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Has anybody seen Tony’s envoy?

Image courtesy of

Image courtesy of

”I am as happy as a pig in shit – you can quote me on that – doing what I’m doing at the moment.” – Special Envoy Jim Molan.

Has anyone seen Molan, Tony’s personal “troubleshooter” on asylum seekers who promised to convince Indonesia to sign up to the Coalition’s Operation Sovereign Borders policy?

For those of you who don’t recognise the name, he was the tame retired general who was trotted out before the election campaign to assure every news program that would have him on that the tow-back policy would work and that Indonesia would just cop it.

General Molan was instrumental in developing and promoting the Coalition’s Operation Sovereign Borders asylum-seeker policy, under which border protection would come under the command of a three-star military commander. He has been a key player including helping to launch Operation Sovereign Borders when Mr Abbott and his immigration spokesman Scott Morrison announced the policy in July (refer above photo).

General Molan denied he was a Liberal Party activist, as suggested by then Defence Minister Stephen Smith but told the ABC governments should achieve outcomes:

”I find that the people on the other side of Parliament . . . in the Opposition, have experience in doing what I want them to do, that is, secure our borders”.

”They have a greater probability of success and they’re an impressive bunch.”

Emboldened by his acceptance into the fold, Mr Molan penned a few articles. In July he wrote the following piece:

“Defence is not in the public mind as much as borders, but defence and borders are linked by the common failure of the Labor Party in government.

Australians should be quite sure that our Indonesian friends could stop the flow of people through Indonesia to Australia in a relatively short period of time. Commentators or politicians who imply that we are asking something impossible of our nearest big neighbour, are downright wrong. I make this judgement from living in Indonesia for five years and working intimately with the Indonesian security apparatus, and it applies now within a democratic Indonesia.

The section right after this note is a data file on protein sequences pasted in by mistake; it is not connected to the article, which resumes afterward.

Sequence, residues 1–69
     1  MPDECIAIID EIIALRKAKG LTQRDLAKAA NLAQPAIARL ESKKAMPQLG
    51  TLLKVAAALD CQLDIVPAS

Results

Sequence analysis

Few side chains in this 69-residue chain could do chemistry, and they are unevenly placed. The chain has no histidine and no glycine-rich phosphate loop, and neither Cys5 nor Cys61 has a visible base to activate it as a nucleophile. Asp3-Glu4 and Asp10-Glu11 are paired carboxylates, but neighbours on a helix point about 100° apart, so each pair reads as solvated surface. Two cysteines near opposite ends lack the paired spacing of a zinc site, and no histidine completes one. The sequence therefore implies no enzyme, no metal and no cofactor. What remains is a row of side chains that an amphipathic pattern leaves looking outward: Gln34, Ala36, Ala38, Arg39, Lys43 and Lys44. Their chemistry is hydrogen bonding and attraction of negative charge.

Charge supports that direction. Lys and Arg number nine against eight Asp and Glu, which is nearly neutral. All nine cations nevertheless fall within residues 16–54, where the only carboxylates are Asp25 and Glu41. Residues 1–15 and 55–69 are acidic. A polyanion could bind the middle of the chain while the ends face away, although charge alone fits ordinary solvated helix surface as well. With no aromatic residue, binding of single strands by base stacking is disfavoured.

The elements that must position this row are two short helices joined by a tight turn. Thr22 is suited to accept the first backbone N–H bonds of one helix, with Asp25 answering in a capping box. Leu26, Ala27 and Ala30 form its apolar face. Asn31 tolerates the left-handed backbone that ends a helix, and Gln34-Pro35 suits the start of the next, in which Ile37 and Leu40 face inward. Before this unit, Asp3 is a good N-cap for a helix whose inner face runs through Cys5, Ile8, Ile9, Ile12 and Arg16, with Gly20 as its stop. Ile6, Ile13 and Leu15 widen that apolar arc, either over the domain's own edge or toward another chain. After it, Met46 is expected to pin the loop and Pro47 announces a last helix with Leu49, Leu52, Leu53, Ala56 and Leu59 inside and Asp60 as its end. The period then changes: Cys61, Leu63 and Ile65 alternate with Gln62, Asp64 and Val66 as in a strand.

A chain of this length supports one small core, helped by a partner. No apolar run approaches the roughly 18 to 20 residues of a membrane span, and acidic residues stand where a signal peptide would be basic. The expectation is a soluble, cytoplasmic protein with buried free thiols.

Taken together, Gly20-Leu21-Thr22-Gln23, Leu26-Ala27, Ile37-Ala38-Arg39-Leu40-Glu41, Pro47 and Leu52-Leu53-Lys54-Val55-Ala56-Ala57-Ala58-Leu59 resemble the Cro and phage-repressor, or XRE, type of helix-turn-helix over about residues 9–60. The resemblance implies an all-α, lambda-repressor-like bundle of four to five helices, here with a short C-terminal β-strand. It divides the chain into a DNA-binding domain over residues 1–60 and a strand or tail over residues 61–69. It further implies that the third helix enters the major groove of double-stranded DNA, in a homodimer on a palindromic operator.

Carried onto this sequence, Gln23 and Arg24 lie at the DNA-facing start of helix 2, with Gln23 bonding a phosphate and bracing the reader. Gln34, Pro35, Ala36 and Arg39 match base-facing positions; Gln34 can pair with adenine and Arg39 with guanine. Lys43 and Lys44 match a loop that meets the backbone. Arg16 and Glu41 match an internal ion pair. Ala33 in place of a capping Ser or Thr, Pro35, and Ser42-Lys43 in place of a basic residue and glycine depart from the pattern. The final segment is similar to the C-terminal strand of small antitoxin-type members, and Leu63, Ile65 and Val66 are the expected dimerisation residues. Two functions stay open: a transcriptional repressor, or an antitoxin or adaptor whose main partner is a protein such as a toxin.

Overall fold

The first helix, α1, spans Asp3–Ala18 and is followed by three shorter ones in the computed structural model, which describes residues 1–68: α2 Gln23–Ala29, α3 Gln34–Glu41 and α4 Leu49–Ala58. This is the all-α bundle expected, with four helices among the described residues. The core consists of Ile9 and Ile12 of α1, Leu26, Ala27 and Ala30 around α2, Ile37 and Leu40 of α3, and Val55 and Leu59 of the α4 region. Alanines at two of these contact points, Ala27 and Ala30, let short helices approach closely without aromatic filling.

If the Indonesians achieved half the success in moving against the people smugglers as they have in countering terrorism, then there would be no appreciable problem. Indonesians do not see people smuggling as a significant problem for themselves, and are sensitive because they have tens of thousands of their citizens illegally overseas as workers. Corruption is also part of it with some locals on the take, and the anarchical nature of the Indonesian media means that leaders must not be too close to Australia.

To control our borders, we should not have to rely on the self-interest of our neighbour, but it would be really good if our neighbour assisted us as a friend, as we have assisted them significantly in the past. I have not forgotten our role in East Timor, but the final report of the Indonesian-Timor Leste Commission of Truth and Friendship Indonesia allows Australia to confidently occupy the moral high ground in relation to that issue. If people smuggling is truly a big enough issue, and around 70 per cent of Australians certainly consider it so, then Australia needs to impress on Indonesia the seriousness of the situation, not just go to Indonesia and list people smuggling as an agenda item.

So, if this is a real problem to an Australian government, then what will get our big friend’s attention is Australia’s resolve, part of which is returning the boats to Indonesia in order to totally disrupt the people smugglers’ business. If Australia agrees only to pay for offshore processing in some new Indonesian Galang, we will have signed a blank cheque for Indonesia to cash for as long as it wants, much Australian money will be wasted by inefficiency and corruption, and people smugglers will just move a bit further down the supply chain and once again wait us out, knowing that their customers will finally end up in Australia.

And boats can be turned back. The techniques for doing so should not be discussed openly for the same reason that we do not discuss operational detail in Uruzgan Province in Afghanistan.”

One can only wonder how this missive was received in Indonesia.

At the beginning of August we hear from Molan again:

“The nation needs South Australia’s submarines much faster, a top military mind says.